Heart of a Hero

On my recent vacation I visited two wartime heroes. Inanimate, mechanical heroes carrying men of great courage.

The first one was born in 1943 in Oyster Bay, New York. With a full US Army name and designation of tug LT-4. She (I was taught to think of ships as female) crossed the Atlantic in early 1944 under tow. She traveled with  others of her class. I prefer not to think of the dangers that lurked under ocean waves during that voyage.

Soon she worked out of an English port and participated in the D-Day invasion. Unlike many of the ships in Operation Overlord, she did not transport troops. In a support role, like a sturdy assistant, she towed ammunition barges across the English Channel.

Think on it. You are one of twenty-six men on a tug 115 foot in length. Your protection from enemy strafing is two 50 caliber machine guns. And you tow ammunition toward a battle zone!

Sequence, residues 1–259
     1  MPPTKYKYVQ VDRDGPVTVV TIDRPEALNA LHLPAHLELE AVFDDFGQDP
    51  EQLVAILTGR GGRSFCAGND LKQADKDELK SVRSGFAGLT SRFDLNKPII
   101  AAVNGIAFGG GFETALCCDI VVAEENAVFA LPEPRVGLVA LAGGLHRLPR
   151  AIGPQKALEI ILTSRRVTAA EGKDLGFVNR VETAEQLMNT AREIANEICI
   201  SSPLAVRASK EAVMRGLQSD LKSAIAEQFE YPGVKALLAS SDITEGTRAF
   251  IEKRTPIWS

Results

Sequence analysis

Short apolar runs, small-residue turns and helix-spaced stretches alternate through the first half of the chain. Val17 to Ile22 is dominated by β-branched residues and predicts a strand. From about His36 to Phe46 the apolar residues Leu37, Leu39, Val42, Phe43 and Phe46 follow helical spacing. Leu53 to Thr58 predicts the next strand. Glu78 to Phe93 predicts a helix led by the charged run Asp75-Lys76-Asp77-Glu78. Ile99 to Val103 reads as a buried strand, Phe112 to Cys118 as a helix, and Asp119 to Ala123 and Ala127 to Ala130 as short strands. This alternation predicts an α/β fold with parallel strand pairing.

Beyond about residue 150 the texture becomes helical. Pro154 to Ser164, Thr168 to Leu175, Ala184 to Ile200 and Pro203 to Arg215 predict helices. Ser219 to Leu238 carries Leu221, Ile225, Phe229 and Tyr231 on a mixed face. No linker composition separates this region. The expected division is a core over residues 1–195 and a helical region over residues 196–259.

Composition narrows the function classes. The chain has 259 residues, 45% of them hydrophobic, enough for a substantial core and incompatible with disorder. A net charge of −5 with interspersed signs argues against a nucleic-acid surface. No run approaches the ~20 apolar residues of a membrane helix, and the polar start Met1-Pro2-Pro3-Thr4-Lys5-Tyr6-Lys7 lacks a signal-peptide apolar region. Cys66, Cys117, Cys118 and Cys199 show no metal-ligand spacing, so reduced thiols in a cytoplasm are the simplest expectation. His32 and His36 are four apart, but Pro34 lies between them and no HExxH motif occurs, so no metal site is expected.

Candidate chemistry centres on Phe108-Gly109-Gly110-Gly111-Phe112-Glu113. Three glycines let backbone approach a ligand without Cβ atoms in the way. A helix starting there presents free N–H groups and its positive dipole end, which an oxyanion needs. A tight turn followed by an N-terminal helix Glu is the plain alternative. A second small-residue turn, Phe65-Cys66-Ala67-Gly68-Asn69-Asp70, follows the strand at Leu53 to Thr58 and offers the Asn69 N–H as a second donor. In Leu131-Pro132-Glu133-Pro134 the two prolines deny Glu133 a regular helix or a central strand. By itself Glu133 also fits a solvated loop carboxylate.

Heroes all – the men who served – and the heart of the ship.

She’s retired now. After military discharge she served faithfully in the Great Lakes towing work and derrick barges for harbor improvements. You may see her under her civilian name, Tug Ludington, up close and personal in Kewaunee, Wisconsin.

The Heart – Engine – of a Hero

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